Thursday, 14 June 2012

"If it ain’t got that swıng"

The summer is upon us, the dresses are wide, the bands are big and it seems the whole country is dancing to a glorious old tune.

Written by Melonie Clarke
The Savoy Ballroom, New York, 1935: Frankie Manning and his dance partner Frieda Washington go against George 'Shorty' Snowden and his partner Big Bea in a dance competition in Cat's Corner. Chick Webb was playing Down South Camp Meeting, a request of Manning's. As Manning and Frieda danced, he threw her over his back, performing a backto- back roll. The crowd went crazy after seeing this new step. Fast forward 77 years and crowds at swing dances still go crazy when this move is performed.

The Savoy was the stomping ground for dancing stars of the future, which included Frankie Manning who, with another partner, Norma Miller, took their passion for dancing to a professional level. They danced worldwide both on stage and screen, as well as with the dance group Whitey's Lindy Hoppers, the crème de la crème of swing dancers.

During the Savoy Ballroom's great days, you could dance there every night of the week. People would queue for hours to see Glenn Miller and Count Basie perform on the two bandstands. The ballroom could hold four to five thousand people, although that would include passing trade. The only question that was important once you got through the doors was 'Can you dance?' and dance they did.

Over in the UK, the dance-crazy GIs stationed here during the Second World War brought swing to our shores, and in a way it has never left, its history inextricably linked to our 'special relationship' with our American cousins. Although dance styles such as the Lindy Hop and the Jitterbug originated in the backstreets of Harlem, they can be traced through the years to our own hit TV shows such as Strictly Come Dancing. How much we have taken this lively art form to heart.

But for diehard fans, it has been a rocky ride. In the post-war period, an entertainment tax in America made booking live performers too expensive. As a result, recorded music was used more widely. Ballrooms became smaller, and the dance moves themselves evolved to accommodate these changes.

During the 1980s, however, bands started to release music with an old swing sound. People loved it, and after seeing clips from old films that featured Whitey's Lindy Hoppers and other swing dancers, a new generation of practitioners was born.

Original dancers from the Savoy were hunted down, in the hope they would teach the moves. Frankie Manning, who had long since disappeared from the dance scene and gone to work for the US postal service, spearheaded this revival, going around the world, putting the swing back into people's steps. He taught original steps and routines, including the famous Big Apple. Frankie died in 2009, but he had started a dancing revolution, and now, with the aid of the internet, you can find dance classes teaching swing all over the UK.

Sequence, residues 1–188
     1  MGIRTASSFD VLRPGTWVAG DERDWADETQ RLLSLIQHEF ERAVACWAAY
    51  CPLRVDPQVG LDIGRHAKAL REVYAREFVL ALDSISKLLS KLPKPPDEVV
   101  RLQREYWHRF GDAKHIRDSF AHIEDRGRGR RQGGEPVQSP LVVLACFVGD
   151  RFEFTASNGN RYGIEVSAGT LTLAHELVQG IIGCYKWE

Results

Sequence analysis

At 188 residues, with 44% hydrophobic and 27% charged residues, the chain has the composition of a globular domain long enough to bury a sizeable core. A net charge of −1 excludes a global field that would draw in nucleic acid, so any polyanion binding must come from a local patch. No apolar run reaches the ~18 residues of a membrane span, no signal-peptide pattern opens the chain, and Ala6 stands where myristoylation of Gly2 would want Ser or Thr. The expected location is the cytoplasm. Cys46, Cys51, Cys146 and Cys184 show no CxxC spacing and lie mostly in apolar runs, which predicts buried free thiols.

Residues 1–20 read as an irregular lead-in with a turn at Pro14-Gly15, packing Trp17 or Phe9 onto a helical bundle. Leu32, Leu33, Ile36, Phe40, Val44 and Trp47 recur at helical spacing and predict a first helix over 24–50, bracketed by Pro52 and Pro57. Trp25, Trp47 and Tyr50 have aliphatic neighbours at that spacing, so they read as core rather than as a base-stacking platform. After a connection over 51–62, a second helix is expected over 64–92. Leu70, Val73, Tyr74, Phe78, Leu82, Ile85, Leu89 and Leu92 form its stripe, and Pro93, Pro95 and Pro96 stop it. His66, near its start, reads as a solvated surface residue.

The resurgence in swing's popularity is mirrored in film, fashion and music. The highly acclaimed film The Artist has given people a taste for fashions of the time, with girls recreating the marcel wave hairstyle, and tea dresses becoming a wardrobe staple. New bands such as the Shirt Tail Stompers, Top Shelf Jazz and Alex Mendham & His Orchestra are bringing back the sound of yesterday in new music for today's dancers.

Today, there is no single place that modern dancers can go, but with summer upon us, a whole host of events is on offer. Perfect for mothers, daughters, grandmothers (and grandfathers) to enjoy, Twinwood Festival, for example, is a yearly event where people from all over the world come to get their dancing shoes on and celebrate swing music – and Glenn Miller in particular. Look out for swing dancing picnics in parks over London, or Lindy Lunches – where you can swing on your lunch break.

Whatever your age, remember... it don't mean a thing if it ain't got that swing!

  • Twinwood Vintage Music And Dance Festival, with more than 60 bands, is on 25, 26 and 27 August at Twinwood Arena, near Bedford: 01923-282725, www.twinwoodevents.com
  • GNSH Goodnight Sweetheart, the UK's international swing dance camp, will be held next year on 15 to 18 February: www.gnsh.co.uk

What is... West Coast Swing?

Originating on America's West Coast, it's a branch of swing that is very structured, with the most moves executed in lines. Today, the dance has been modernised by taking out this rigid line formation to allow for improvisation and a wider choice of music genres. It has been described as 'progressive', with performers encouraged to bring their own style and moves to the floor. London Swingvitational is one of the biggest West Coast Swing dance weekends in the UK, with attendees from all over the world. The next event takes place from 16-19 November in Slough: www.londonswingvitational.co.uk

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